San Cassiano Altarpiece

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San Cassiano Altarpiece
Messina.Madona01.jpg
Artist Antonello da Messina
Year 1475–76
Medium Oil on panel
Dimensions 55.9 cm × 35 cm (22.0 in × 14 in)
Location Kunsthistoriches Museum, Vienna
Reconstruction of the original work with existing fragments and copies of fragments.

The San Cassiano Altarpiece is a painting by the Italian Renaissance master Antonello da Messina, dating to 1475-1476. Commissioned for the church of San Cassiano in Venice, it was disassembeld in the early 17th-century and the reunited central portion is now housed in the Kunsthistorisches Museum in Vienna. It was one of the most influential paintings in the Veneto area of the time.[1]

Detail of St. Nicholas and Mary Magdalene.

History[edit]

It is unknown when it was disassembeld or why, but it was already in fragments when parts of it were documented by David Teniers the Younger for his Theatrum Pictorium in 1660. It wasn't until 1929 that three of the fragments were reunited by the Hungarian art historian Johannes Wilde. Other surviving fragments have been analysed to fit according to the model of a reconstruction in a virtual architectural study. Originally a larger altarpiece, it now comprises only the central panel with the Virgin Enthroned, and four half-busts of saints: St. Nicholas of Bari, St. Mary Magdalene (or Ursula), St. Lucy and St. Dominic.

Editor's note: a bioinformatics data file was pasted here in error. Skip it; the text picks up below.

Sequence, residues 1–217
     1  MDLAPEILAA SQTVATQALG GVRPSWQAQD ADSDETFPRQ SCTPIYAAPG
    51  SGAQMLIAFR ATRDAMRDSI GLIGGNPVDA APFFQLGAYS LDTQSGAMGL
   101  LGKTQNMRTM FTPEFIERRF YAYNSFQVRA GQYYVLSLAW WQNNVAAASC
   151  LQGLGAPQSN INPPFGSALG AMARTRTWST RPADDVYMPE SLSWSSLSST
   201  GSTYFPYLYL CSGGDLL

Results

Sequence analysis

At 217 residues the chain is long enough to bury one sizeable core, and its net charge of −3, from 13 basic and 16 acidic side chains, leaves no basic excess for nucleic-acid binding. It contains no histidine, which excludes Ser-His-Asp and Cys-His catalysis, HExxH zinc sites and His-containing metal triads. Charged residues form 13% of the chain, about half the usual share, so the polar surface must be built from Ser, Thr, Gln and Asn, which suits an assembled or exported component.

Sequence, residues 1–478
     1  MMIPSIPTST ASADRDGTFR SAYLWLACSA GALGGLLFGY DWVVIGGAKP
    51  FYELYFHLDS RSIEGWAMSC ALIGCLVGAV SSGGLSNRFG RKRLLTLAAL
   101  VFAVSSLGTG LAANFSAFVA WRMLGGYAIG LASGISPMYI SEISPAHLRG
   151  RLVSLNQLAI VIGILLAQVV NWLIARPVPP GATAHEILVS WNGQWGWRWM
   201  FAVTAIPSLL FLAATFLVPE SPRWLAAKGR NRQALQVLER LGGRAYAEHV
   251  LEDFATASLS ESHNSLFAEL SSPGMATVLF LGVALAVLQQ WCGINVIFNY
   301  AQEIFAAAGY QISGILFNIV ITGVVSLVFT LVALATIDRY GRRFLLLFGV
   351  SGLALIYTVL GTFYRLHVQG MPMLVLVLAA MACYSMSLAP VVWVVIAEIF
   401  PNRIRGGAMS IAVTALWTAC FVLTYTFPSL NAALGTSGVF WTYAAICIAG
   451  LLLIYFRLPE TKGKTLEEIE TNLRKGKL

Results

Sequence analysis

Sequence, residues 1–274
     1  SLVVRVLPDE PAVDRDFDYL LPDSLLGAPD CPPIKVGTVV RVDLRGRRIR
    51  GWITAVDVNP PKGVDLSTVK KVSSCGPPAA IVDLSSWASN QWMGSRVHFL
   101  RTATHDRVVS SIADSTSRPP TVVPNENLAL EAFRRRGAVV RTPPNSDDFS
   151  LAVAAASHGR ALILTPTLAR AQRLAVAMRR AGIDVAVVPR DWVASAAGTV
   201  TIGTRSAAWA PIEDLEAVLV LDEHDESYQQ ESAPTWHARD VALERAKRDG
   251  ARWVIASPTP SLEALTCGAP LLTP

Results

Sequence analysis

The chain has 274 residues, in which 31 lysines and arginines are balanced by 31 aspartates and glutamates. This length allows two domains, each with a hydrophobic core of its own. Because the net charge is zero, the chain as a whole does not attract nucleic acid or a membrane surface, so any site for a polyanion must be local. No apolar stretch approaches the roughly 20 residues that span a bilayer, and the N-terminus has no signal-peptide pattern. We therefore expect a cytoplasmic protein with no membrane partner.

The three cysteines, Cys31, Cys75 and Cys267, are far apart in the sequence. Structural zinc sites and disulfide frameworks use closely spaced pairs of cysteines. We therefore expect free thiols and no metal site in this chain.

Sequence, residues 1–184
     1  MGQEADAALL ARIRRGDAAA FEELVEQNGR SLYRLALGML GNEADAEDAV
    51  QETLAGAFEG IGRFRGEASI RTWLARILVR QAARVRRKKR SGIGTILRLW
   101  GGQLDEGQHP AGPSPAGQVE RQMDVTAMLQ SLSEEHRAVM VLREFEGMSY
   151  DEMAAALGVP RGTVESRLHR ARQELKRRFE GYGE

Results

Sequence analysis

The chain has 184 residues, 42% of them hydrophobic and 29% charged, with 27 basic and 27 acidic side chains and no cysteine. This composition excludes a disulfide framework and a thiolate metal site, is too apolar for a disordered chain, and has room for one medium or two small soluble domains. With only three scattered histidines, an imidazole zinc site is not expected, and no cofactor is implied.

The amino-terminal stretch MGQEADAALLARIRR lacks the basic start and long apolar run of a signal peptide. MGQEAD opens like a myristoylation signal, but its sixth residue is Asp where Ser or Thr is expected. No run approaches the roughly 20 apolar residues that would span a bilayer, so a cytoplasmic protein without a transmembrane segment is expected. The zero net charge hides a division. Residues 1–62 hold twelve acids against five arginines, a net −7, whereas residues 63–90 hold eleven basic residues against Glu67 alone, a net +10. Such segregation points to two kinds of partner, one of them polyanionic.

Allegedly inspired by another Holy Conversation by Giovanni Bellini in the church of San Giovanni e Paolo (now known only through copies), it feature however a more balance composition and a more sober architecture. Antonello adopted a pyramidal layout, enhanced by the accurate use of light.

The book with three golden balls held by St. Nicholas alludes to the episode in which he gave them to three girls to be used as dowry.

See also[edit]

References[edit]

  • J. Wilde, "Pala di San Cassiano" Rekonstruktionsversuch, Jahrbuch der Kunsthist. Samml. in Wien, n. s., III (1929), pp. 57-72

Sources[edit]

  • De Vecchi, Pierluigi; Elda Cerchiari (1998). I tempi dell'arte. Milan: Bompiani. ISBN 88-451-7212-0. 

External links[edit]